Moving into college, even without a global pandemic, is difficult any year. Still, with colleges around the country drastically altering their reopening plans, many first year students are left to navigate two new experiences simultaneously: college and life during a pandemic.
In August, first-year students at Oberlin began orientation remotely before arriving on campus, and continued programming remotely even after move-in. Orientation sessions, conducted on Zoom in PAL groups, consisted of ice-breaker activities, short webinars, and discussions. However, the content of these activities was less important than the relationships they formed. In times of such uncertainty, Esther Orlov-Mayer, a first-year student, explained “It was comforting to come into Oberlin with people I already knew, and with people I could reach out to with questions.”
Still, finding friends even with the added comfort of a PAL group was difficult for others, and for the three days of quarantine before coronavirus test results came back, the College did not promote many virtual events. After students received their test results and were able to leave quarantine, it wasn’t easy to recognize people with their masks on. Often, Zoom formed connections that did not translate to real life friendships. “I would usually meet people in the bathroom” said first-year, Lanie Cheatham.“They would just be there washing their hands, because you have to wash your hands for such a long time, and I would talk to them.” This method was successful because students were friendly and open to making friends. However, during quarantine, Lanie explained that she was lonely. Those first few days, living alone in her single dorm room felt isolating. Without strong connections and a routine, she missed her family and the small, daily interactions she would have with them. Even later, after people received their test results and classes began, she said “The most physical contact you get is when your hands brush together when someone hands you something, I mean, other than that you’re isolated.”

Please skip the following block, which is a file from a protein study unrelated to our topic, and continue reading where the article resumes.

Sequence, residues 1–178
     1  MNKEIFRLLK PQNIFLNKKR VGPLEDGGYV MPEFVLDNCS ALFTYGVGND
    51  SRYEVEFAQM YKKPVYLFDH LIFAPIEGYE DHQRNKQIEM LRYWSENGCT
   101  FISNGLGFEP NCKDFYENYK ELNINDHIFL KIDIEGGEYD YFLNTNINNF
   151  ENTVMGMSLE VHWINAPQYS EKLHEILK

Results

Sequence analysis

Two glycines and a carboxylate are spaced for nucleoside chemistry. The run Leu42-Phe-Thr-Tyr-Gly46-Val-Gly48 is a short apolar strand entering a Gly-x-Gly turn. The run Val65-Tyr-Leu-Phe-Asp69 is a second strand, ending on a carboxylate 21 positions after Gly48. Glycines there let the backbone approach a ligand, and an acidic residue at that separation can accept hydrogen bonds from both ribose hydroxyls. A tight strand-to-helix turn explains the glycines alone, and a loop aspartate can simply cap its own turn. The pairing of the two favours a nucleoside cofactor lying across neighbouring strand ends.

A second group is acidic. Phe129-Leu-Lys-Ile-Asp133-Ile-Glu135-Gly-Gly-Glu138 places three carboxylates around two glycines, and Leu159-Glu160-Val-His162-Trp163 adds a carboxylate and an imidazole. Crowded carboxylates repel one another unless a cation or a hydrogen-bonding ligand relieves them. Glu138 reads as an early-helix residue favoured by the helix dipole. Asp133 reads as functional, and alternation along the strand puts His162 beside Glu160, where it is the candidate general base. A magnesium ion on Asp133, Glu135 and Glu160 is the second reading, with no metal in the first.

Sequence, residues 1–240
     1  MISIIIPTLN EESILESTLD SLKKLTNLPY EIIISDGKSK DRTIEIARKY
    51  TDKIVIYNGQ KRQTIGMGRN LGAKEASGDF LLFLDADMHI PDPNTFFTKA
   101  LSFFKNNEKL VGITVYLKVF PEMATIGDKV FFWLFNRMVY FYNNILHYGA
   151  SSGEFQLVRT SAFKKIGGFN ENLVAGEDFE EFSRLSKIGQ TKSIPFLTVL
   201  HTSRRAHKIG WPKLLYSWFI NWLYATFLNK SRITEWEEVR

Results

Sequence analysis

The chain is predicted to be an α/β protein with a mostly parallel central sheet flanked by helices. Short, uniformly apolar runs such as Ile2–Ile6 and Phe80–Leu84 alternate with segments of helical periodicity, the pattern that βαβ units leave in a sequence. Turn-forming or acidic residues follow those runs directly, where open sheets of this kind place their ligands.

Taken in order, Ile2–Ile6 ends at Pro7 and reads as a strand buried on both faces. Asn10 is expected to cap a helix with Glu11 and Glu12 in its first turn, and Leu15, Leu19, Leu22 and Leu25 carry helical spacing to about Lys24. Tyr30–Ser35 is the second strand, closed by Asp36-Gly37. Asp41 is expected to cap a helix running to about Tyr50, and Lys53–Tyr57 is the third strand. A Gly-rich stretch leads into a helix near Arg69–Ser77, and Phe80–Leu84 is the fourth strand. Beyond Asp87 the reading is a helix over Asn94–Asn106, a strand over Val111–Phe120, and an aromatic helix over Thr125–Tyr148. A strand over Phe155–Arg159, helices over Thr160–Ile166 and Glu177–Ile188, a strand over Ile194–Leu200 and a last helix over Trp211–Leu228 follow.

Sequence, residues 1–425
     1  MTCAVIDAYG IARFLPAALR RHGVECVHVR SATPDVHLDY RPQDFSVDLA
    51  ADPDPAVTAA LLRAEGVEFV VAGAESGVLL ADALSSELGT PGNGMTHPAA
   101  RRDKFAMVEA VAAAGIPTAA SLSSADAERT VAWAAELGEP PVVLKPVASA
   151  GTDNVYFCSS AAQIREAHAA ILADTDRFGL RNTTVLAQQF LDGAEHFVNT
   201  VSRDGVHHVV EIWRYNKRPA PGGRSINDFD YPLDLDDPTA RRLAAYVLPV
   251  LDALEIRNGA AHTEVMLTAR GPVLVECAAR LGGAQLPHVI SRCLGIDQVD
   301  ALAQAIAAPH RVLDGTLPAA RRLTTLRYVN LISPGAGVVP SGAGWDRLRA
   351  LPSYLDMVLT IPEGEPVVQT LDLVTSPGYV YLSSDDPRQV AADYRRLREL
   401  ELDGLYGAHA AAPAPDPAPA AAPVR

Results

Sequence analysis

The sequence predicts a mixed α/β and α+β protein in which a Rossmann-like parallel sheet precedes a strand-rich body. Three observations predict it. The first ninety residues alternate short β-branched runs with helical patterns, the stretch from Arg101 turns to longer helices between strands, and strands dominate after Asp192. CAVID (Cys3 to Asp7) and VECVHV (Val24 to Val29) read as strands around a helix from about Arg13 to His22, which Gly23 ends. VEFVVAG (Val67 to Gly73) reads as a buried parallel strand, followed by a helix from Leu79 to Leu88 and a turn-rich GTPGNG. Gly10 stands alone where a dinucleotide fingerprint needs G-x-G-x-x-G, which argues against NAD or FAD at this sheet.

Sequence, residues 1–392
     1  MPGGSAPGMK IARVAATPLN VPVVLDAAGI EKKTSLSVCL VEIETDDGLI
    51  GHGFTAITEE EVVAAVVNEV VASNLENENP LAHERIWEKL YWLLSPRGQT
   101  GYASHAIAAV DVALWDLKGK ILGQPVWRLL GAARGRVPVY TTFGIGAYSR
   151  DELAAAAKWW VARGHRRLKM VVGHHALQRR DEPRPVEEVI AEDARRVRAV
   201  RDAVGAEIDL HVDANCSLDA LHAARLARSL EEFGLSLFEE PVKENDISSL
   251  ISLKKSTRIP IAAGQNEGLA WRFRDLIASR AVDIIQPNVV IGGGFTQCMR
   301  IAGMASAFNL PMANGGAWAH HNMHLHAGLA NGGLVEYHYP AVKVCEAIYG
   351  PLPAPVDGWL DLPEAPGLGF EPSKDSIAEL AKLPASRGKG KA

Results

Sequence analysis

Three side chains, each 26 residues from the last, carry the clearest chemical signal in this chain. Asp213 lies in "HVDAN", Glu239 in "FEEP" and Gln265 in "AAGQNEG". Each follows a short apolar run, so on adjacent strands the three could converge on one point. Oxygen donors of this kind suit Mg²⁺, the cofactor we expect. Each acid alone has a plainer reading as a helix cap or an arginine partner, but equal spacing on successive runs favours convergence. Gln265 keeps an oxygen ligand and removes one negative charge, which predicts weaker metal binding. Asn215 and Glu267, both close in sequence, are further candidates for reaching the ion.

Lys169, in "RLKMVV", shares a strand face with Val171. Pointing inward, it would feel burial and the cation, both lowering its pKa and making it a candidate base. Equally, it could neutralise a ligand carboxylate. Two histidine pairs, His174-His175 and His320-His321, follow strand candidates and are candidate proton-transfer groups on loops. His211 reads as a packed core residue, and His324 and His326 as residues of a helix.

Despite these unusual methods of making friends, many first years report that college is going well. Esther, who is a double degree student, said that Oberlin is doing a good job of reopening, but it is strange to play an instrument socially distanced. Although it is a different experience, she noted feeling unaffected, simply because this is the only college experience she knows: “I don’t really know what I’m missing. I don’t really know what the alternative is.”
As first years continue to adjust to life at Oberlin, the pandemic is just another factor that makes the friendships formed during this time stronger. Morgan Piper Cordova explained that the pandemic has made people more vulnerable, which has eased the transition into college. “That shared experience, the one thing we all have in common is the pandemic,” Morgan said. “There’s this awful thing happening, yet it isn’t really affecting us, but it’s still there, and it’s something we can all latch onto.”